Shore and Cockburn are respected thought leaders in the agile community going back at least a decade.
In a word: Cockburn sees value in certifications, with caveats to be sure, and Shore not only sees no value but actually believes certifications are counterproductive to their aim.
I was a bit shocked to here Shore rip into the very idea of certifications, calling them immoral and utterly misleading, and damning all those that use them as filters. This on a PMI sponsored webinar!
To be fair, here's the summary points each gave at the end:
- Both agree that certification does not demonstrate or indicate competence and maybe not understanding
- Alistair Cockburn: a certificate:
is evidence of having gone down a pathway of education
permits or enables scale to be applied to examining large numbers of candidates, or a company, for a job
encourages individuals to re-up on latest techniques
should be valued according to a market value established by business and hiring officials
should be more granular, like associates and interns, etc so that the value proposition is more readily established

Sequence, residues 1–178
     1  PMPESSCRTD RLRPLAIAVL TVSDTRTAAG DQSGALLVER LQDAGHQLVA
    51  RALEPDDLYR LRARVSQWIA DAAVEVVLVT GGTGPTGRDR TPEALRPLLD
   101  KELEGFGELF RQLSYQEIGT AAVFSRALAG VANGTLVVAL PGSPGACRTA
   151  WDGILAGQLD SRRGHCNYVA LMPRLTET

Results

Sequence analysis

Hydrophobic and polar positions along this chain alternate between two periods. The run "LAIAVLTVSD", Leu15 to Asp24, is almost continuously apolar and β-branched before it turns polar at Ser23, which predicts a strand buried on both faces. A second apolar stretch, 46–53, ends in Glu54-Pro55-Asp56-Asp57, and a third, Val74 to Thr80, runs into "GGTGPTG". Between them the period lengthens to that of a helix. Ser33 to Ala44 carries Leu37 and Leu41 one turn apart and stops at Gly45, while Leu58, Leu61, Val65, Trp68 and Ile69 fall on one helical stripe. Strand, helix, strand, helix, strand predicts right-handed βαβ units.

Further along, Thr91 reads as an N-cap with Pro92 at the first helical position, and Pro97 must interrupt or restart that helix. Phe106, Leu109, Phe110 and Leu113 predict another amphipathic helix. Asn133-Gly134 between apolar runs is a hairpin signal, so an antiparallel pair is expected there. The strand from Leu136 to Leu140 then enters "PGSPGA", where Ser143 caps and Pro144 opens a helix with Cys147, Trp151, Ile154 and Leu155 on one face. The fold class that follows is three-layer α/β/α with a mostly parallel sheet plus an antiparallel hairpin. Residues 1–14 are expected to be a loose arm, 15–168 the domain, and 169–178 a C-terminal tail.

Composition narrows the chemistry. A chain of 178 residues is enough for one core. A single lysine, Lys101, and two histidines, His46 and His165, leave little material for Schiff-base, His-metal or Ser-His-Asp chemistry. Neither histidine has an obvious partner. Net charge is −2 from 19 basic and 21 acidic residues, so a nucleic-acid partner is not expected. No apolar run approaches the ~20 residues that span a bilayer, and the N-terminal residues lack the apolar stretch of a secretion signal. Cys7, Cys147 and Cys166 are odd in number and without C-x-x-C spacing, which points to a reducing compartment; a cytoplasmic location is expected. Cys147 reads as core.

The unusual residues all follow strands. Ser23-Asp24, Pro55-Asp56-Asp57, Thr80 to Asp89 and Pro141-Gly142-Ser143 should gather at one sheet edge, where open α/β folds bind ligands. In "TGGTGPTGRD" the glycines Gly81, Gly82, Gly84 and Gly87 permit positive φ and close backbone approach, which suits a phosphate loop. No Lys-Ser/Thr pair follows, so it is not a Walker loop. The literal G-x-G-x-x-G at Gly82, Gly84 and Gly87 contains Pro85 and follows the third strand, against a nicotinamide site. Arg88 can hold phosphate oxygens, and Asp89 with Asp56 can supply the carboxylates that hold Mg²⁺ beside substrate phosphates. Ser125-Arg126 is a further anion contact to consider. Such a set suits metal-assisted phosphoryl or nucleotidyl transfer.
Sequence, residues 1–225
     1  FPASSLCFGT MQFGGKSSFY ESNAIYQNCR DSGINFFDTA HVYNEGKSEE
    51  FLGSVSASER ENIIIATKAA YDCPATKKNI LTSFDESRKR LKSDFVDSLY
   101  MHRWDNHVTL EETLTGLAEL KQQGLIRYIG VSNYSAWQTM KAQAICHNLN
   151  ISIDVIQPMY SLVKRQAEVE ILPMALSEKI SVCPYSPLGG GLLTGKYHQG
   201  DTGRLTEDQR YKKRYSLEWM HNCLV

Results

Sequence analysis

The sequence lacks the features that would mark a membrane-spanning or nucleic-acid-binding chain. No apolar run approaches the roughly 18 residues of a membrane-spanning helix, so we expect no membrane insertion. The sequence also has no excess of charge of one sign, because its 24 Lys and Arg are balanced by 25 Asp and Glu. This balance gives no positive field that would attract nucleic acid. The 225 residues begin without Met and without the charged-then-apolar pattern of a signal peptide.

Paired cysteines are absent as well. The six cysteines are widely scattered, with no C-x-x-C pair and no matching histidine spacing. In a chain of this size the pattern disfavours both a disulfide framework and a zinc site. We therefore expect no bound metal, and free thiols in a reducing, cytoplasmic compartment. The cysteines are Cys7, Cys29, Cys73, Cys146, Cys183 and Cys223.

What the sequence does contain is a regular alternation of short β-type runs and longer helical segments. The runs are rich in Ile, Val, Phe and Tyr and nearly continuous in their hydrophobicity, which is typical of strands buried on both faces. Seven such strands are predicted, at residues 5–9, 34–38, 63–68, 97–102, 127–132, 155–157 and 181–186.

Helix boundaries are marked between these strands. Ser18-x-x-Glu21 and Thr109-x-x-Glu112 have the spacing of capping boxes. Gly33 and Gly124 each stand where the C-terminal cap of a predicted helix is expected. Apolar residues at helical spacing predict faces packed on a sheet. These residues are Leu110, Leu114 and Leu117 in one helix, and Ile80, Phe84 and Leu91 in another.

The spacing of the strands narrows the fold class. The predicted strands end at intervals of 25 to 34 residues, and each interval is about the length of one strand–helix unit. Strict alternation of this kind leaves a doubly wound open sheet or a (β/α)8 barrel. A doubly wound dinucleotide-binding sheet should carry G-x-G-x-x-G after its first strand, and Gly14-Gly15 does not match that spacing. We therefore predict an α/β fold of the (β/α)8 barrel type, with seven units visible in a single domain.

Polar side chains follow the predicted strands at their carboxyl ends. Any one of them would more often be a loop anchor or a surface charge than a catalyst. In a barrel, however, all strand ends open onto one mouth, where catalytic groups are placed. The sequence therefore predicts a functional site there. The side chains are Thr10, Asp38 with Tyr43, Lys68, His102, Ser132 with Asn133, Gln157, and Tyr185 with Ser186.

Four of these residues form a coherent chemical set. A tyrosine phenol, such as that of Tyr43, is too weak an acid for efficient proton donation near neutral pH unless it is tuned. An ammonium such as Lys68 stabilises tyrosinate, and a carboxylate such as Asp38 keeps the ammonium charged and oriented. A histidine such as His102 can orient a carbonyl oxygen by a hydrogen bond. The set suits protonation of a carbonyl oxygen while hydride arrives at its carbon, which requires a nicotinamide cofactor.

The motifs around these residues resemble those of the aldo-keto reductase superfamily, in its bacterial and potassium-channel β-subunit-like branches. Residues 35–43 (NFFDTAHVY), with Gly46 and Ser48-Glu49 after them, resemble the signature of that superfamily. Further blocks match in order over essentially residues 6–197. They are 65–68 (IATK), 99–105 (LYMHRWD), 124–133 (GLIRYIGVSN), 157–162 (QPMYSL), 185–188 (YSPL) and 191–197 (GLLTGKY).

- James Shore: a certificate:
leads to institutional stagnation
creates institutional power structure that limits advancement
confuses competence and expertise with simple exposure to information
should not be a filter on considering a candidate for a job
should not substitute for due diligence, even at scale
And I'm with Shore when he points out that the industry that promotes "Scrum Master" certificates for $1500 and a two day sitting in a hotel room presentation is pretty much a joke on everyone except those collecting the money.
But I'm strongly with Cockburn on the value of forcing a re-up from time to time. Even Shore see merit in the education, just not in the certification of the education.
Bookmark this on Delicious